When landlords or bailees take possession of uncollected goods, they may be exposed to loss of priority due to the application of the PPSA. The risk can be mitigated by registration on the PPSR, by contractual drafting to avoid the creation of a security interest or by the application of uncollected goods legislation. But in what circumstances will such measures be effective against a liquidator or third-party claimant to the goods?
Last Tuesday morning I presented a seminar to the ARITA Vic/Tas annual conference on the problems facing insolvency administrators, landlords and bailees arising from the introduction of the PPSA.
A copy of the paper presented and the overheads from the seminar are available at the links:
Some the of key takeouts from the seminar:
- It is common practice that landlords fail to register leases on the PPSR even though they have security interests over the goods of a defaulting tenant. They can be left vulnerable to vesting risk and disputes with third parties over title to goods when they want to dispose of them.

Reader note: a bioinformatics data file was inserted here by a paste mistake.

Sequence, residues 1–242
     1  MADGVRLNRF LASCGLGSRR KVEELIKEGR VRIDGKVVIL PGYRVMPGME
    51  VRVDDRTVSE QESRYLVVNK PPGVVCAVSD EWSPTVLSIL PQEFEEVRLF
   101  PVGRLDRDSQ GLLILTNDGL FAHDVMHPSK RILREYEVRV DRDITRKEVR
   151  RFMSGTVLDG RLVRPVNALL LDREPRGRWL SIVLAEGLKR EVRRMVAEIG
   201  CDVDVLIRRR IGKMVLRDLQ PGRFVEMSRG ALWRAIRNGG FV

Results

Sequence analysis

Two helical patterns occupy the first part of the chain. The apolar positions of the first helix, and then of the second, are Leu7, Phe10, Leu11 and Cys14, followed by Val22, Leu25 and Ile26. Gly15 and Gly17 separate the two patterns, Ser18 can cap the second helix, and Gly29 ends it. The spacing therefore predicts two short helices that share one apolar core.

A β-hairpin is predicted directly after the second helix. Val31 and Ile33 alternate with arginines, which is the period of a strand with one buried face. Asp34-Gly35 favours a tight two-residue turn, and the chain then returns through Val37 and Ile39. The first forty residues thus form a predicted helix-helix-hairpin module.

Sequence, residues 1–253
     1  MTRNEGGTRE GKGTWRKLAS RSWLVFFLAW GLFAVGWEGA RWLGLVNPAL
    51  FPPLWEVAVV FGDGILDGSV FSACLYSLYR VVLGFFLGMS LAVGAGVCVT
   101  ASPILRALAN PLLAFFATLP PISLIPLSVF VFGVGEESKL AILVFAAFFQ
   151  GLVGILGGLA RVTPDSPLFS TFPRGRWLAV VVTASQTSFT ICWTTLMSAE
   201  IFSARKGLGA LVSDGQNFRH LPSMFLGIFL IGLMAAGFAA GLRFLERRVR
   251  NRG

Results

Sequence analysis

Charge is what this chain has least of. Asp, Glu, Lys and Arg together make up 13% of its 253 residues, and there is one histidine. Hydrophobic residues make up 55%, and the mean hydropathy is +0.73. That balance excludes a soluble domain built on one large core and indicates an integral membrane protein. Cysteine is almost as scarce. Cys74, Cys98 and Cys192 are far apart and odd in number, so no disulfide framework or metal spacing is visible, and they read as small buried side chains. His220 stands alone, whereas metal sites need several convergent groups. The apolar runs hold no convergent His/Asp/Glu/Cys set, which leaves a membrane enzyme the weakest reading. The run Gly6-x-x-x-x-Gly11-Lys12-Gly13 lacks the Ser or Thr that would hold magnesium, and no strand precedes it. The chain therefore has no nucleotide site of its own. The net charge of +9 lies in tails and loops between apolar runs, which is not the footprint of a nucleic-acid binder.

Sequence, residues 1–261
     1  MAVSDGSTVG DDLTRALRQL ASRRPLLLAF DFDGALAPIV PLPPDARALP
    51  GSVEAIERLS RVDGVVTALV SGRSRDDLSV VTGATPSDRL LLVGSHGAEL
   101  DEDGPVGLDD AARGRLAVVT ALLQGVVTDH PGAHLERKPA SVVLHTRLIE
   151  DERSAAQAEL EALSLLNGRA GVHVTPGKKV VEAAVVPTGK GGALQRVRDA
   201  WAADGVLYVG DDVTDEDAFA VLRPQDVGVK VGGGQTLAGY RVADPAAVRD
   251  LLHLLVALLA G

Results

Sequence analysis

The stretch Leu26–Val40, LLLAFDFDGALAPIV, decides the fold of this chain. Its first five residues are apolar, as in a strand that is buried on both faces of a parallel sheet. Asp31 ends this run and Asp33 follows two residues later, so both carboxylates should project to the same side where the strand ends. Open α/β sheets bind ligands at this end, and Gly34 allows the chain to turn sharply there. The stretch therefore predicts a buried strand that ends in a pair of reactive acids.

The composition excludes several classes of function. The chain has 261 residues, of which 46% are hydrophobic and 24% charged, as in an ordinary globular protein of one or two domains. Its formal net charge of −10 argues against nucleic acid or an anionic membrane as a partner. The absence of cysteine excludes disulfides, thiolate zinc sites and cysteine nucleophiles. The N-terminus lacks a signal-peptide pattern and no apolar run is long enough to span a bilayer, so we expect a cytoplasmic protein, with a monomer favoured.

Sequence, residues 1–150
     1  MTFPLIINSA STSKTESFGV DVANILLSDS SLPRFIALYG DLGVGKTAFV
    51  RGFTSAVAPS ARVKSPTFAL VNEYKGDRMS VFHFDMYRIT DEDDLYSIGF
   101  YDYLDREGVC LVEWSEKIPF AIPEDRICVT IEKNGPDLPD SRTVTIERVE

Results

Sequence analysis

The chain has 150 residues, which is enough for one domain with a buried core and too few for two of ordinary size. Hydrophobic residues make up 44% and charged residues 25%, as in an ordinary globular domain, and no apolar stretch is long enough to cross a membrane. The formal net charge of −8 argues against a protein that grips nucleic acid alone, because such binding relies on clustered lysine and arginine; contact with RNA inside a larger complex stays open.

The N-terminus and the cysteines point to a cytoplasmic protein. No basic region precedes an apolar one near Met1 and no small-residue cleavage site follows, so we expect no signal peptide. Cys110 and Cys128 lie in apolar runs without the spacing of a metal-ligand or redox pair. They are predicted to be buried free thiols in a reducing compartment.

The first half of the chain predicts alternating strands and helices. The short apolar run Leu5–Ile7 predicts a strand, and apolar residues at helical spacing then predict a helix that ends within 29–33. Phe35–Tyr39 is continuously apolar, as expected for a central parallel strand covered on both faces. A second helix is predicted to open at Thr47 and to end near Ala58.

- It is possible to structure a lease so that rights over uncollected goods do not give rise to a security interest, by use of deemed abandonment.
- Even where security interests vest, or are otherwise lost, interests in uncollected goods can be claimed by a landlord in possession or by other bailees if they arise at law, such as common law, equitable or statutory liens. The so-called “uncollected goods” legislation in each state and territory provide protection of this kind.
See the seminar paper for an exploration of these issues looking recent cases I have appeared in dealing with these issues, and other authorities. The cases include:
Tasman Logistics Services Pty Ltd v Seaco Global Aust Pty Ltd  VSC 100
Jayfield Pty Ltd v Cussen  VSC 380
Scandi International Pty Ltd v Larkfield Industrial Estate Pty Ltd (No 2)  VCC 628
Some time in late 2019 I received the invitation to present this seminar from Adrian Hunter, secretary of the Vic/TAs committee. Who would have thought then that the presentation would be delivered almost 2 years later! Luckily fortune smiled on this year’s conference which went ahead just before the most recent lockdown. It was great to be able to present to a live audience for the first time in quite a while.
Thank you ARITA.